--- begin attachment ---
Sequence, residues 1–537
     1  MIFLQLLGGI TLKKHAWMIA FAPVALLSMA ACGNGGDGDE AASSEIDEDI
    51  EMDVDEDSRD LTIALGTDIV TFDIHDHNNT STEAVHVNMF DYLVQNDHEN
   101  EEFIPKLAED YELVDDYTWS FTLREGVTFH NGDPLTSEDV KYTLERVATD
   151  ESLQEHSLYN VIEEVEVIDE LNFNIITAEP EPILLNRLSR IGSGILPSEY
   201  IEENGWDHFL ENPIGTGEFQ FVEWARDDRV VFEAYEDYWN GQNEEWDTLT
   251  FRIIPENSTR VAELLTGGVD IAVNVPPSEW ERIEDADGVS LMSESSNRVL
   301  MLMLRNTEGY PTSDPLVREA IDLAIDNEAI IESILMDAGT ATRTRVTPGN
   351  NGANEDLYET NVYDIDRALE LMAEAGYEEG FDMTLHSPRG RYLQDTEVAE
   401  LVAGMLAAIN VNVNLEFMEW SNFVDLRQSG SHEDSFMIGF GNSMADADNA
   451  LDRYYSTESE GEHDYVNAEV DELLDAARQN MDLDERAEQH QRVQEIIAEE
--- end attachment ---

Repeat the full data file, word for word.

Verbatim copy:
Sequence, residues 1–537
     1  MIFLQLLGGI TLKKHAWMIA FAPVALLSMA ACGNGGDGDE AASSEIDEDI
    51  EMDVDEDSRD LTIALGTDIV TFDIHDHNNT STEAVHVNMF DYLVQNDHEN
   101  EEFIPKLAED YELVDDYTWS FTLREGVTFH NGDPLTSEDV KYTLERVATD
   151  ESLQEHSLYN VIEEVEVIDE LNFNIITAEP EPILLNRLSR IGSGILPSEY
   201  IEENGWDHFL ENPIGTGEFQ FVEWARDDRV VFEAYEDYWN GQNEEWDTLT
   251  FRIIPENSTR VAELLTGGVD IAVNVPPSEW ERIEDADGVS LMSESSNRVL
   301  MLMLRNTEGY PTSDPLVREA IDLAIDNEAI IESILMDAGT ATRTRVTPGN
   351  NGANEDLYET NVYDIDRALE LMAEAGYEEG FDMTLHSPRG RYLQDTEVAE
   401  LVAGMLAAIN VNVNLEFMEW SNFVDLRQSG SHEDSFMIGF GNSMADADNA
   451  LDRYYSTESE GEHDYVNAEV DELLDAARQN MDLDERAEQH QRVQEIIAEE